As an aspiring barrister, you may have heard of the Four Inns of Court. These are prestigious legal societies providing support and opportunities to future barristers during their Bar Professional Training Course (BPTC).

What Is An Inn Of Court?

The four Inns of Court are professional bodies that play a large role in the education and guidance of both aspiring and practising barristers while also playing host to a number of events that provide the opportunity to develop social networks within the profession. Alongside their more social element, the Inns of Court also support aspiring barristers with various scholarship prospects to fund their further study and serve as a place to work for members.

What Are The Four Inns Of Court?

The Inns of Court are composed of Gray’s Inn, Lincoln’s Inn, Middle Temple, and Inner Temple. All institutions are located near one another in central London, close to the Royal Courts of Justice.

Historical background

The Inns of Court in London are ancient and prestigious professional associations for barristers, which provide legal training and education, social and networking opportunities, and administrative services.

The Honourable Society of Lincoln’s Inn is the oldest Inn of Court, dating back to the 14th century. It was established in 1422 and has been the home of many famous lawyers, including former Prime Minister Tony Blair. The Honourable Society of the Inner Temple was established in the 14th century as a barrister inn and is known for its impressive Tudor-style buildings, including the Temple Church, which was made famous in the book and movie “The Da Vinci Code.” The Honourable Society of the Middle Temple was established in the 16th century and is known for its connection to the royal family. Gray’s Inn was established in the 14th century and is known for its beautiful gardens and proximity to the British Museum.

The four Inns of Court historically oversaw the education and training of barristers with some Inns housing and training barristers from as early as 1320. While the formal education of barristers has shifted towards other providers, such as law schools, the Inns continue to play a role in both the educational and social lives of future and current barristers.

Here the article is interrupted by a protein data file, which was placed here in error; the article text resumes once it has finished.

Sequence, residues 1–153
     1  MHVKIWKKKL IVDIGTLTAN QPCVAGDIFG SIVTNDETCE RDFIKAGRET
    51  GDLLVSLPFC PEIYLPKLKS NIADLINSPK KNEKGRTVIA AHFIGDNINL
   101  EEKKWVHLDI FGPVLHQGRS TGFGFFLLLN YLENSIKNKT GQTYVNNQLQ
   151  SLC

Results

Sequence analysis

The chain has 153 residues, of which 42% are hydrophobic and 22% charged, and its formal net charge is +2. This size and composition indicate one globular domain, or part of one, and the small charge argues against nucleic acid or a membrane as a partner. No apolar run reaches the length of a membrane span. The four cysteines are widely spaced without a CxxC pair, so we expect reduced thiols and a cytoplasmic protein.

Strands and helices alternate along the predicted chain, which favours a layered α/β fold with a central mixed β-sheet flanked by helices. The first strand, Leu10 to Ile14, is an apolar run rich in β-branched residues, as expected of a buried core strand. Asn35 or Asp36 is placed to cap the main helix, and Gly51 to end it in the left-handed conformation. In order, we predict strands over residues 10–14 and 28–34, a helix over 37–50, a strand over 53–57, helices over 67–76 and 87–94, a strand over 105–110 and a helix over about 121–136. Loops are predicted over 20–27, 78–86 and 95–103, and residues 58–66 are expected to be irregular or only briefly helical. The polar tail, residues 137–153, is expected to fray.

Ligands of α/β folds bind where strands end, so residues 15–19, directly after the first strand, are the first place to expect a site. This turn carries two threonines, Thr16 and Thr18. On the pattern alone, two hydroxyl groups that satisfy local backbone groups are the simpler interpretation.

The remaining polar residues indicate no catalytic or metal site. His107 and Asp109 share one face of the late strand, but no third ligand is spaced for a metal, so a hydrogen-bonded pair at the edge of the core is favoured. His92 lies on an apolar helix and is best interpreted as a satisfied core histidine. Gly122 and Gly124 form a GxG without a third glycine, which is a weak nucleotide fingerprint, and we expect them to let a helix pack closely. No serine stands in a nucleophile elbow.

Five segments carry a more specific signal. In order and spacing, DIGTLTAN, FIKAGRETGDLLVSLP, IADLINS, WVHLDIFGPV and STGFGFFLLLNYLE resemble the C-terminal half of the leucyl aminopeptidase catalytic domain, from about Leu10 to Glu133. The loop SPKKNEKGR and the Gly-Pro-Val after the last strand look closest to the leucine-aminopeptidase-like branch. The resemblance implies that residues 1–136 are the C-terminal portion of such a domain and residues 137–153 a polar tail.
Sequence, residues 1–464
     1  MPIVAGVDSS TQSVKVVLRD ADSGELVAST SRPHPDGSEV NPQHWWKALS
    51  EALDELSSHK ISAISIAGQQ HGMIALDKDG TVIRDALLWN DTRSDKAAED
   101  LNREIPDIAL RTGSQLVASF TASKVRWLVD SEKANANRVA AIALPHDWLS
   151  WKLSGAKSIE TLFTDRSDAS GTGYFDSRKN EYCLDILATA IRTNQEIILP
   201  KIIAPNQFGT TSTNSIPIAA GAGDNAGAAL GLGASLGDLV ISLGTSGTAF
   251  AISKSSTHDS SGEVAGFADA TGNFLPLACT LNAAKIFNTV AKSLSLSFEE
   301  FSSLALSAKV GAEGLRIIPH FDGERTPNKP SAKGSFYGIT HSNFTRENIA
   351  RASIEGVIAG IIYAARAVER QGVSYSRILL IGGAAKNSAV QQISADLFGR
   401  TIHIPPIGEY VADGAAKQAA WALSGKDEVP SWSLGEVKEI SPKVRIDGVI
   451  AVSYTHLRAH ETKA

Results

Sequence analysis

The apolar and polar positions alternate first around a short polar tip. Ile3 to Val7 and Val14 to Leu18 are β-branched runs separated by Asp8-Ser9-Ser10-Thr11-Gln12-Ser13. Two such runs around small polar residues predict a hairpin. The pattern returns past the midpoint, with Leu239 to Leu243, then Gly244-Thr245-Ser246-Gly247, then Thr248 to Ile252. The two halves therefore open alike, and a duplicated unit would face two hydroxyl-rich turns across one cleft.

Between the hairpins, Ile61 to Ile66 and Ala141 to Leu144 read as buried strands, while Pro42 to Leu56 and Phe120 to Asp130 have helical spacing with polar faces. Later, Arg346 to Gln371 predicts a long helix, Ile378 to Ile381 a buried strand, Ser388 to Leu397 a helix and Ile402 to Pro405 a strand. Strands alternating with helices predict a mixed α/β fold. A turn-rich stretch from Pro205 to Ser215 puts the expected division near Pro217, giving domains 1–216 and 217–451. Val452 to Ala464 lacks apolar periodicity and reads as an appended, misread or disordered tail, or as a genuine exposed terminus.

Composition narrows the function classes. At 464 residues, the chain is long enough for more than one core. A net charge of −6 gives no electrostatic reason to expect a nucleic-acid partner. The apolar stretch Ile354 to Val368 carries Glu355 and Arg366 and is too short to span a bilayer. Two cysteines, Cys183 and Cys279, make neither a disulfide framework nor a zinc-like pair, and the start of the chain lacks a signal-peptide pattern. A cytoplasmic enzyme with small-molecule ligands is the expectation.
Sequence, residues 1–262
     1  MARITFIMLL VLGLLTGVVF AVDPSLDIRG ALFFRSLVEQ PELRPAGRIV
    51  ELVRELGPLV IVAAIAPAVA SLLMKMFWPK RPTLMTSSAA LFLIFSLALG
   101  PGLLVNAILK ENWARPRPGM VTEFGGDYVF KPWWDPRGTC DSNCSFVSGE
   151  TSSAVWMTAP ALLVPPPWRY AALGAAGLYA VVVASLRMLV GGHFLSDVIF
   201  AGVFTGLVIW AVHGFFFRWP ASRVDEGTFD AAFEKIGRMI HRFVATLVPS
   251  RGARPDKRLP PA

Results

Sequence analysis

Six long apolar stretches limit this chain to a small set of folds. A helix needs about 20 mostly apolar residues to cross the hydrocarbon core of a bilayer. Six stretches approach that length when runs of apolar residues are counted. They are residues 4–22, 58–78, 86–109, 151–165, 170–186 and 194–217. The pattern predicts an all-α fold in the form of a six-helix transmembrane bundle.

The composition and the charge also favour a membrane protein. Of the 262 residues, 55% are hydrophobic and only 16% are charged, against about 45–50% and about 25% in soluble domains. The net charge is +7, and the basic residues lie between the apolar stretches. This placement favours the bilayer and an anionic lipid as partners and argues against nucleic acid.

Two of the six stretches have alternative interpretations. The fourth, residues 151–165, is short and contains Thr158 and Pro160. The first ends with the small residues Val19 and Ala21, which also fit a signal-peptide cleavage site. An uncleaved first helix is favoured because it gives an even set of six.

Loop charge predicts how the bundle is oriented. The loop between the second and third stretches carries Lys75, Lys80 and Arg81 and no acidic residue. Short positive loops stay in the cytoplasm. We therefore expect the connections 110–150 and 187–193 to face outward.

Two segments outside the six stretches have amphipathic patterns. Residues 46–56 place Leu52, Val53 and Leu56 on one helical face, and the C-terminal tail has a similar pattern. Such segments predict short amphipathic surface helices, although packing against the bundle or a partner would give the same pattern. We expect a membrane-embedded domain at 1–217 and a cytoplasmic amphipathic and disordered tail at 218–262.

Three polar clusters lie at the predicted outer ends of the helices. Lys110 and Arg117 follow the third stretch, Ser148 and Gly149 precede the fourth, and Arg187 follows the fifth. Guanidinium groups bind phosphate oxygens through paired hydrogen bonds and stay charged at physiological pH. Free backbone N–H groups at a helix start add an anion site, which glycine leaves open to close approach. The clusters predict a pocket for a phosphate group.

Famous Alumni

The Inns of Court have been home to many famous lawyers and judges, including former British Prime Minister Margaret Thatcher, former Lord Chief Justice Lord Woolf, and current Supreme Court Justice Lord Reed. Other notable alumni include author John Grisham and British actors Helena Bonham Carter and John Cleese.

Public Access

The Inns of Court are open to the public for guided tours and events, but access to the buildings and facilities is generally restricted to members and their guests.

The Inns don’t differ on what they offer either – all Inns have similar facilities, services and opportunities for aspiring and practicing barristers. Each Inn does however have its own personality and history and, as membership is for life, it is important to get to know each Inn to fully understand how they differ.

A closer look at the Inns

  • Lincoln’s Inn is the largest and oldest of the Inns, dating back to at least 1422. It offers student tours twice a week, where you can explore its historic buildings and ask questions. Despite stereotypes about the bar, many students from diverse backgrounds have excelled at Lincoln’s Inn, thanks to its educational and social opportunities.
  • Gray’s Inn, on the other hand, is the smallest of the Inns, but it prides itself on its close-knit community and supportive environment. Its buildings range from the 18th to the 21st century, and you can admire its impressive portraits in the grand hall. Gray’s Inn also offers scholarship opportunities and educational experiences to prospective members.